More desk chair tourism


I did a post on Google Earth tourism last March.

Something I’ve just discovered in the last few days is that the chateaux of the Loire Valley have been very thoroughly visited by the Google van – blue lines all over everything, so you can see the gardens, the approaches, outbuildings, and the chateau from far and close and from all angles. You could spend hours just looking at one chateau. Look up Chenonceau or Chambord, if you’re interested.

Versailles has also been thoroughly Google-photographed.

I should check out the Taj Mahal one of these days…

Comments

  1. Hertta says

    I’ve visited Chambord. It was definitely more beautiful from the outside. Inside it looked unfinished and bleak, but I guess castles aren’t supposed to be cosy. It would of course also cost millions to keep it decorated just for tourists and egalitarian democracies have better uses for taxpayers’ money.

    I’ve been to the military base in Versailles but not the castle. Can’t believe I missed that chance. If I take a desk chair tour, can I cross it off my bucket list?

  2. says

    Heh. That’s between you and your conscience. The way I look at it – we can’t go everywhere and see everything, and it’s really fun to be able to get a good visual sense of places. Maybe that’s more true of me than of most people, because tramping around looking at the outside of everything is really what I like best.

  3. Julia F says

    Hertta —
    I agree that Chambord is a little bare. If you want to see luxe palaces you have to go to Britain. Most of the stately homes were never stripped of their art and furnishings in revolutions or wars.

    I had the same reaction to the palace at Versailles when I saw it, many years ago. I thought the famous hall of mirrors was rather dull compared to the lobby of the Carib cinema in Miami Beach where I grew up. On the other hand the Grand Trianon, on the same site was restored by Napoleon and it is a real treat.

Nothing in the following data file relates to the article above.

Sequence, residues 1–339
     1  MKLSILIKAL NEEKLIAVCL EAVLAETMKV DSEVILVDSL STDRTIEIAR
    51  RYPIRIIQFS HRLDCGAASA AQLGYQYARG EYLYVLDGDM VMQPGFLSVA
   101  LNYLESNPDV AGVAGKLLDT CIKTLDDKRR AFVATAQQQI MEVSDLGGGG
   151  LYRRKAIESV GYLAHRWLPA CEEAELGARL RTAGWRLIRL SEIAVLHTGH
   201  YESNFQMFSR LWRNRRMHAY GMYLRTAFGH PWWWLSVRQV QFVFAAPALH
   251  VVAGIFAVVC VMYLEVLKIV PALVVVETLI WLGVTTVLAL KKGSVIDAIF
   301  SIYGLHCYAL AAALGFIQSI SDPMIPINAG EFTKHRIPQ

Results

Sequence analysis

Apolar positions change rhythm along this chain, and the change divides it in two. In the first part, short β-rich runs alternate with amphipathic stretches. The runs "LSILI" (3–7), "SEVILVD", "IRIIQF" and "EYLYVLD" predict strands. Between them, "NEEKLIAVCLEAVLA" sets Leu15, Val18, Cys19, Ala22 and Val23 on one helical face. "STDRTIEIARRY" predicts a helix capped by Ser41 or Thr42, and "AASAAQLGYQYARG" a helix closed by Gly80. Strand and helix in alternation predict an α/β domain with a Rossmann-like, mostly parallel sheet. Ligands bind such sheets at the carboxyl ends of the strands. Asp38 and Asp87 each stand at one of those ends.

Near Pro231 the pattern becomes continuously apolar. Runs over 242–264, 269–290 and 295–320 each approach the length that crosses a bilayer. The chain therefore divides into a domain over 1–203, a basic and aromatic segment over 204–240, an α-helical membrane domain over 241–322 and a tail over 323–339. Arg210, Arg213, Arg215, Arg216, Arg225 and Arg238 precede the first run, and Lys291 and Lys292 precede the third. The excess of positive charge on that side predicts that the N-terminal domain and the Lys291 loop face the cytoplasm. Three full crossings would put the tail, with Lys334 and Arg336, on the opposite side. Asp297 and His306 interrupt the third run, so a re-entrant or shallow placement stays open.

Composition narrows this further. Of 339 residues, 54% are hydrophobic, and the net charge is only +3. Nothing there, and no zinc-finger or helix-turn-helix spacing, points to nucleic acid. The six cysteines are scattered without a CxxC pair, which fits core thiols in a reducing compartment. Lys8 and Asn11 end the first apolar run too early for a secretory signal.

4. Hertta says

    Ophelia:

    That’s between you and your conscience.

    Well, I can say I’ve been to Versailles (no need to mention it was the town of Versailles and not the castle) and (after my tour) I can say I’ve seen the hut itself. Château de Versailles

    Julia F,
    I’m more interested in the architecture than the furnishings anyway. I’m not a romantic and I don’t think there’s anything to romanticize about the gross inequality and slavery that helped produce those architectural pearls. I feel the same way about cathedrals. The history is interesting and the buildings are beautiful, and if they are turned into hotels, coffee shops or community centers, all the better.

  5. Jurjen S. says

    I was watching a Norwegian film called Trollhunter on Netflix streaming the other night, and I managed to do a fair job of following the routes taken using Google Maps including Streetview.

  6. says

    The chateaux keep Le Tour de France from being as boring as test cricket. The long stretches where nothing much is happening in the race is alleviated by helicopter shots of beautiful buildings and mini history lessons from Paul Sherwin.

  7. says

    I never really thought of doing that! I’m having a blast looking at the castles I’ve been to and using Google Earth to guide my brain down memory lane! Chateau Chillon is by far the best, though ;)

  8. says

    I know, isn’t it fun? I alternate between looking at places I have been and looking at places I haven’t been. I’m currently exploring the coast of Norway. A few minutes on Sognefjord this morning – it’s absolutely staggering. Bucket list.

    Nothing but the best for Byron, eh.

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